Enrichment

      FLAG-tagged mMCL-expressing cells were enriched 1 week after transfection by selection with the Anti-FLAG M2 (Sigma) monoclonal antibody (mAb) and sheep anti-mouse IgG magnetic Dynabeads (Dynal (UK) Ltd., Wirral Merseyside, UK). Transfected cells were stripped with 0.5 mm EDTA, washed in PBS, 0.5% bovine serum albumin (BSA) (Sigma), and incubated on ice for 1 h in 20 μg/ml M2 mAb in PBS/BSA. After further washing in PBS/BSA, the cells were incubated on ice for 40 min in 200 μl of PBS/BSA and 3 μl of Dynabeads. Cells selected by magnetic attraction during subsequent extensive PBS/BSA washes were allowed to recover overnight in a 25-cm2 flask in geneticin-free medium. The medium and detached beads were removed the following morning and replaced with fresh medium containing 2 mg/ml geneticin. Two rounds of limiting dilution cloning and subsequent fluorescence-activated cell sorting (FACS) analysis with the anti-FLAG M2 mAb yielded a stable FLAG-tagged, mMCL-expressing clone.

      Rabbit Antiserum

      200 μg of keyhole limpet hemocyanin-conjugated peptide corresponding to amino acids 2–16 of mMCL (H2N-WLEESQMKSKGTRHP-COOH) (Multiple Sclerosis Peptide Laboratory, Oxford Brookes University) were diluted in 500 μl of PBS, combined with an equal volume of Freund's complete adjuvant (Sigma), and injected subcutaneously into adult New Zealand White rabbits. Booster injections were given as above, except using Freund's incomplete adjuvant (Sigma), at weeks 3, 5, and 10. Pre-immune serum was designated as sample 16P. A test bleed was taken at 8 weeks to check for anti-peptide antibody activity, and a final bleed (50 ml) was collected 3 weeks after the final injection. 5 ml of the serum were absorbed with 4 × 107 CHO.K1 cells, which had been fixed with 4% paraformaldehyde (BDH) and permeabilized with 0.2% v/v Triton X-100 (Sigma). This absorbed serum was designated rabbit antiserum 16T.

      Immunofluorescence

      Transfected and wild-type CHO.K1 cells were grown on glass coverslips, fixed with 4% paraformaldehyde in PBS at 4 °C for 1 h, quenched in 10% fetal calf serum for 10 min, washed, blocked in PBS, 15% normal goat serum for 30 min, and then stained for 1 h at 4 °C with either 10 μg/ml anti-FLAG M2 mAb (Sigma) or a 1:300 dilution of either rabbit serum 16P or 16T in PBS, 15% normal goat serum. After additional washes, cells were incubated at 4 °C for 1 h with a 1:300 dilution of fluorescein isothiocyanate-conjugated goat anti-mouse IgG (Chemicon International, Inc., Temecula, CA) or goat anti-rabbit IgG (Sigma), then analyzed by fluorescent microscopy or FACS. Cells analyzed by FACS were detached from the culture flasks with 0.5 mm EDTA before fixation. To permeabilize cells, 0.2% v/v Triton X-100 was added to all PBS, 15% normal goat serum solutions.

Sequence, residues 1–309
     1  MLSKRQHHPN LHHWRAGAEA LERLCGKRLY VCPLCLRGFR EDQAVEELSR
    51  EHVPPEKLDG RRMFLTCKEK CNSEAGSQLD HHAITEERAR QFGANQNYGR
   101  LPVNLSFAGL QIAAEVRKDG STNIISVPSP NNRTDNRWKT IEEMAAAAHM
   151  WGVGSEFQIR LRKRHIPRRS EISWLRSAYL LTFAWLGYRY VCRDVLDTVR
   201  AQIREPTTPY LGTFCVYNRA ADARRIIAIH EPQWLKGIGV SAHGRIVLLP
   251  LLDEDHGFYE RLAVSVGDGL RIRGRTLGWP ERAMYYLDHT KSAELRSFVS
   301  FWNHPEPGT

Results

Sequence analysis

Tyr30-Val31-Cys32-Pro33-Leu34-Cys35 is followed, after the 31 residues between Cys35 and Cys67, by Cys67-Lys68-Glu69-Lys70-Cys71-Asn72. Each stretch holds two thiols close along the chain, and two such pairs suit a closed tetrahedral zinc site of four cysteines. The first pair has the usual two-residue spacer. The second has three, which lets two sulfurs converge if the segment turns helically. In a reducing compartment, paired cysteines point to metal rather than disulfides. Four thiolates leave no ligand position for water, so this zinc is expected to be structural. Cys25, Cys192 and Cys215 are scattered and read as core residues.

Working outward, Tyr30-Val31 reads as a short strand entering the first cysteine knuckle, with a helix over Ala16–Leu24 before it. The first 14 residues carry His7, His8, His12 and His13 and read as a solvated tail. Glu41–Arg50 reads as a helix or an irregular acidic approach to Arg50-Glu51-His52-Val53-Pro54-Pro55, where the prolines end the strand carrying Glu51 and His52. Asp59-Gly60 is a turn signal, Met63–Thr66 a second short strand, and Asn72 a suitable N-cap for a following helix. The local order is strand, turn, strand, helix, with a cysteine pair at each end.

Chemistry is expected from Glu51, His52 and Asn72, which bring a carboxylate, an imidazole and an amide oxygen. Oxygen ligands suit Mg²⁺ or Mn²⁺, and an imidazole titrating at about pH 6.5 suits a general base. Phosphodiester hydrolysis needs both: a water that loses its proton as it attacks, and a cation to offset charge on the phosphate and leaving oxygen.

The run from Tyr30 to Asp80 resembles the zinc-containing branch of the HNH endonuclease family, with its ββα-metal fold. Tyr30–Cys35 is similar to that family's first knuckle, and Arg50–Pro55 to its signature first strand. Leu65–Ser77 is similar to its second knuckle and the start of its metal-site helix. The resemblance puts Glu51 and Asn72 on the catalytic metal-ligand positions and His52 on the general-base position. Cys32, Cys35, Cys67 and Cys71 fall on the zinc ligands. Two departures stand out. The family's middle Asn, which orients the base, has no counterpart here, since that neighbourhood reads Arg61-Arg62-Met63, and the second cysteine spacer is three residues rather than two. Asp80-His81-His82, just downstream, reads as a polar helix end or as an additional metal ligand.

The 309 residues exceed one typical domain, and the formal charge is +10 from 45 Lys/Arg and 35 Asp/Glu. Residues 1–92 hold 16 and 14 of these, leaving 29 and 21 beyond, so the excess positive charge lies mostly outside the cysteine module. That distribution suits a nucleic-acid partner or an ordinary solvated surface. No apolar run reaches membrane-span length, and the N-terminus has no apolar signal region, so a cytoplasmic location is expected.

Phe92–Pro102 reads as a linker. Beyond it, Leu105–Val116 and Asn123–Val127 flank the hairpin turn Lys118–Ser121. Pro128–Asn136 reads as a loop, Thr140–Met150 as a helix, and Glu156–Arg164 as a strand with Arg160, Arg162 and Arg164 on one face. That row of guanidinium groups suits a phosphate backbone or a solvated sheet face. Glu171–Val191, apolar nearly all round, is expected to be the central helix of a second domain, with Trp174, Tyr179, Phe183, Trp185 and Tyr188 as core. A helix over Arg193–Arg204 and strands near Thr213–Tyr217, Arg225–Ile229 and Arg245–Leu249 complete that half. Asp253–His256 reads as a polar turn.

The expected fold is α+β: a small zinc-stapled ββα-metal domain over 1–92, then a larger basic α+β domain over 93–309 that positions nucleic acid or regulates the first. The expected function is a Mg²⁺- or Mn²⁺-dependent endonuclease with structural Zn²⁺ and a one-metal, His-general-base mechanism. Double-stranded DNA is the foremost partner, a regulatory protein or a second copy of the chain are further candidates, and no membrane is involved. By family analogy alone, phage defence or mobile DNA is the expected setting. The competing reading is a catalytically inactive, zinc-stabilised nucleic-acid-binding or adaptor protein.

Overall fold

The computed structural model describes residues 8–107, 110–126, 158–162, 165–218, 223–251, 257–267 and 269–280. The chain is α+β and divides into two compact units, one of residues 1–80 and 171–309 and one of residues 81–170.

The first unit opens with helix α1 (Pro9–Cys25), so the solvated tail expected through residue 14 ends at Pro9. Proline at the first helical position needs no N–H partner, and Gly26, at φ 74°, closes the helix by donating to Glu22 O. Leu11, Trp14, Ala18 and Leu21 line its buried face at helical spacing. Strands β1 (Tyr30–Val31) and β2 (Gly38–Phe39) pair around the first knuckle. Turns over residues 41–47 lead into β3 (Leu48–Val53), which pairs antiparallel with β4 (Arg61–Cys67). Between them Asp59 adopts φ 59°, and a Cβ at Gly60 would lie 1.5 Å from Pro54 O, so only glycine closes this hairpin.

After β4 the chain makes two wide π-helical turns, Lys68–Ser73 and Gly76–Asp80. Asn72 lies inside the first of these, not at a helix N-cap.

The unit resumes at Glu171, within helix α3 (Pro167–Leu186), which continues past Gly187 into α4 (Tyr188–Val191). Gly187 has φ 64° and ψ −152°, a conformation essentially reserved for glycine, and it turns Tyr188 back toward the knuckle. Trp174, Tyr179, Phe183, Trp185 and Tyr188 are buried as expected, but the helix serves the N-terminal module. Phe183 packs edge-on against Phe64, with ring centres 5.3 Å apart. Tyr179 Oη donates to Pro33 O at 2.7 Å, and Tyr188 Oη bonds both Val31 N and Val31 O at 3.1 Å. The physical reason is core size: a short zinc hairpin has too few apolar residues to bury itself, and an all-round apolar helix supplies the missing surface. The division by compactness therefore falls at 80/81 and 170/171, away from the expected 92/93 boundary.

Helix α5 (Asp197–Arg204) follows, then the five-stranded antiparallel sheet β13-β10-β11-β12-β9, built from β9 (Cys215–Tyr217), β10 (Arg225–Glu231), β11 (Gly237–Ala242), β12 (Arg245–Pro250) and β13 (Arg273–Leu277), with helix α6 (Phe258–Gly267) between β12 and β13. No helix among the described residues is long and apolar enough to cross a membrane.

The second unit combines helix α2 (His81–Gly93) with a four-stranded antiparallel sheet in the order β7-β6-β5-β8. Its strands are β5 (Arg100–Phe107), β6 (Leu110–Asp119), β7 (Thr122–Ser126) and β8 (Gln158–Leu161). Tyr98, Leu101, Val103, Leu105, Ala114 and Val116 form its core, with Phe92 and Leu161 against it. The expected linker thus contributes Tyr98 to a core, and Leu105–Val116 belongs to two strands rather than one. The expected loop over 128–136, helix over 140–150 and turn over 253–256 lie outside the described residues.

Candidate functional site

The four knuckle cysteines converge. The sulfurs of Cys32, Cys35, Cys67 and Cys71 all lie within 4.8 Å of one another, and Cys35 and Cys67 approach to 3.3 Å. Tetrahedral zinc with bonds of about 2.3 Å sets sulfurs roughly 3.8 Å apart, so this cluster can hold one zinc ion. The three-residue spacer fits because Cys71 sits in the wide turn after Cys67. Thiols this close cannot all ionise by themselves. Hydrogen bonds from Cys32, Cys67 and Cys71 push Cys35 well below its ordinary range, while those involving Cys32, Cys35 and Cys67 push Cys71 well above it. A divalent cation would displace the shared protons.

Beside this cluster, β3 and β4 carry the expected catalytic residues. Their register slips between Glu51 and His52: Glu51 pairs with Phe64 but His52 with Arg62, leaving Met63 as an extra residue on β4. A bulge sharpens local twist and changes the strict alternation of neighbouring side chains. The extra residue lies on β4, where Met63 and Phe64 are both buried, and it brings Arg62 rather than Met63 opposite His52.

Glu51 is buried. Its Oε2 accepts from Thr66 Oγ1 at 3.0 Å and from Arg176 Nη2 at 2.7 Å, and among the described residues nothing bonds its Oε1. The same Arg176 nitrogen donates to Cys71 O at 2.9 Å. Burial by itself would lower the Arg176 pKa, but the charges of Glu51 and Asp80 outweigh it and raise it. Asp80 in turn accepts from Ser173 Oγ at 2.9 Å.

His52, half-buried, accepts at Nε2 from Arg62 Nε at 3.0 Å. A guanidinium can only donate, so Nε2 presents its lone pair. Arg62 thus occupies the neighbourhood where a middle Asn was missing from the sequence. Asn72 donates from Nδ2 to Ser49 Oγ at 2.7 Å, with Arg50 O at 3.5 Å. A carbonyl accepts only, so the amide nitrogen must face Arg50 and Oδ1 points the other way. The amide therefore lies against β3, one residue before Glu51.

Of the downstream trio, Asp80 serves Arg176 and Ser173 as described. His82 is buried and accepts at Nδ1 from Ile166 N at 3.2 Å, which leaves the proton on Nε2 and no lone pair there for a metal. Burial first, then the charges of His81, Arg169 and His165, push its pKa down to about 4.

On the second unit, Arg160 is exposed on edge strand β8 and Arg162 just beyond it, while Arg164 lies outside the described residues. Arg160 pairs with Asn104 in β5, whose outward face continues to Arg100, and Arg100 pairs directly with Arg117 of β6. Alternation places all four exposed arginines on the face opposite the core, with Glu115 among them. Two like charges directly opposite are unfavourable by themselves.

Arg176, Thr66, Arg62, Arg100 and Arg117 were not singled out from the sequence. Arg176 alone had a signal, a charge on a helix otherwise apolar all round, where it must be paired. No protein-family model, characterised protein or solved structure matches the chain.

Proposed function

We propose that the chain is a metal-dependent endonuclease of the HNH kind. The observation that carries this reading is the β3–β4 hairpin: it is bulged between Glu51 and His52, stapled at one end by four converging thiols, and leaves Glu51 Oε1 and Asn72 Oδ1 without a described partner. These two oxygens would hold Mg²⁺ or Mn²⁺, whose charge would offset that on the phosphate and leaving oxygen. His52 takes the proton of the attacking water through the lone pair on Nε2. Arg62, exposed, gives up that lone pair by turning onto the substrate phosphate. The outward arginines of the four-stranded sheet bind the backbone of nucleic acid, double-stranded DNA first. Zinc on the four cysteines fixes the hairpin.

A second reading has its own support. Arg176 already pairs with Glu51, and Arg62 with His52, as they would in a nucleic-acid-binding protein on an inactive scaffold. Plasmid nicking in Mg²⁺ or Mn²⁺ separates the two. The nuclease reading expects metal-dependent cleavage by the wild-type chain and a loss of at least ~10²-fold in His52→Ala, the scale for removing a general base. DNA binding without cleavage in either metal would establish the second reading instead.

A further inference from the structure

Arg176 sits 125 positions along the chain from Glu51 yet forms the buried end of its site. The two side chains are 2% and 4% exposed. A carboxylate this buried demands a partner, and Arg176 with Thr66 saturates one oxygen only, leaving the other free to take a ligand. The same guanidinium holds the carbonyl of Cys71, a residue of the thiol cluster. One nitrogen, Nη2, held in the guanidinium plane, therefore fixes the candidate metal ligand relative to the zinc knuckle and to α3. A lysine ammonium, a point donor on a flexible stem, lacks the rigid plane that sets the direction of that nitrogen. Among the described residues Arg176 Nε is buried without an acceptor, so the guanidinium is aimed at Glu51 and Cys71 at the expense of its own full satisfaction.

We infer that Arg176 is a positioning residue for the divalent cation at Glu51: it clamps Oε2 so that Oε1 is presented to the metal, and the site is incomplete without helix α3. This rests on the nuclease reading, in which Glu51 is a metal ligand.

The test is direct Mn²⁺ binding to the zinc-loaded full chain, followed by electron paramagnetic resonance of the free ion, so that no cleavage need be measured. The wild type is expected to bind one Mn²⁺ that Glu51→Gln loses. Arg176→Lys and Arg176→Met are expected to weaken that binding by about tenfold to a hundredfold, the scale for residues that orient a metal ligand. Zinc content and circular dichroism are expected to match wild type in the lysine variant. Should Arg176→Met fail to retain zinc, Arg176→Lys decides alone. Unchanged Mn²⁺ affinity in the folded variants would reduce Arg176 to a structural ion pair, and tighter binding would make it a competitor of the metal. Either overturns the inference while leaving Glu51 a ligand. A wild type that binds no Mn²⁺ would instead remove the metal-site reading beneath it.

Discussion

Western blot Analysis

      Cells were lysed at 4 °C in a solution of 1% v/v Nonidet P-40 (Sigma), 150 mm NaCl, 10 mm EDTA, 10 mm NaN3, 10 mm Tris-HCl, pH 8, 1 mm phenylmethylsulfonyl fluoride, 5 mmiodoacetamide. Lysates were cleared by centrifugation at 12,000 ×g for 30 min at 4 °C. Samples were boiled for 3 min in 4% SDS sample buffer and subjected to SDS-polyacrylamide gel electrophoresis. Samples were reduced by boiling them in a sample buffer containing a final concentration of 5% 2-β-mercaptoethanol (Sigma) before electrophoresis. Proteins were transferred to Hybond-C extra nitrocellulose membrane (Amersham). The membrane was treated with blocking solution (5% milk protein, 0.1% v/v Tween 20, 15% normal goat serum) and blotted for 1 h in blocking solution containing 10 μg/ml anti-FLAG M2 or a 1:500 dilution of either rabbit serum 16P or 16T. After washing with blocking solution, a second 1-h incubation was performed, again in blocking solution, using a 1:1000 dilution of goat anti-mouse IgG (Sigma) or donkey anti-rabbit IgG (Chemicon) coupled to horseradish peroxidase. The bound antibody was detected by enhanced chemiluminescence (Amersham). For competition assays, saturating amounts of either mMCL peptide or FLAG peptide was combined with the primary antibody before its application to the blot.

      RESULTS AND DISCUSSION

      DD-PCR analysis was performed on cDNA from the following mouse cell lines: J774.2 (Mφ), RAW 264.7 (Mφ), EL-4 (thymoma), NS0 (myeloma), and L929 (fibroblast). This panel of cell lines was chosen to provide a range of immune and nonimmune cell types as well as two independent Mφ and three non-Mφ internal controls to facilitate the selection of Mφ-restricted genes. DD-PCR products amplified from both Mφ cell lines but absent from the non-Mφ cell lines (Fig. 1 A) were eluted, re-amplified, subcloned into the pGEM-T vector, and sequenced. A 272-bp cDNA fragment amplified exclusively from both Mφ cDNA samples was selected for further study because it contained a putative polyadenylation signal site downstream of a TGA stop codon, indicating that it might be a segment of a functional gene. Subsequently, 5′-RACE-PCR was performed on adapter-ligated mouse spleen cDNA using adapter-specific sense and DD-PCR fragment-specific antisense primers. This reaction generated an 871-bp product.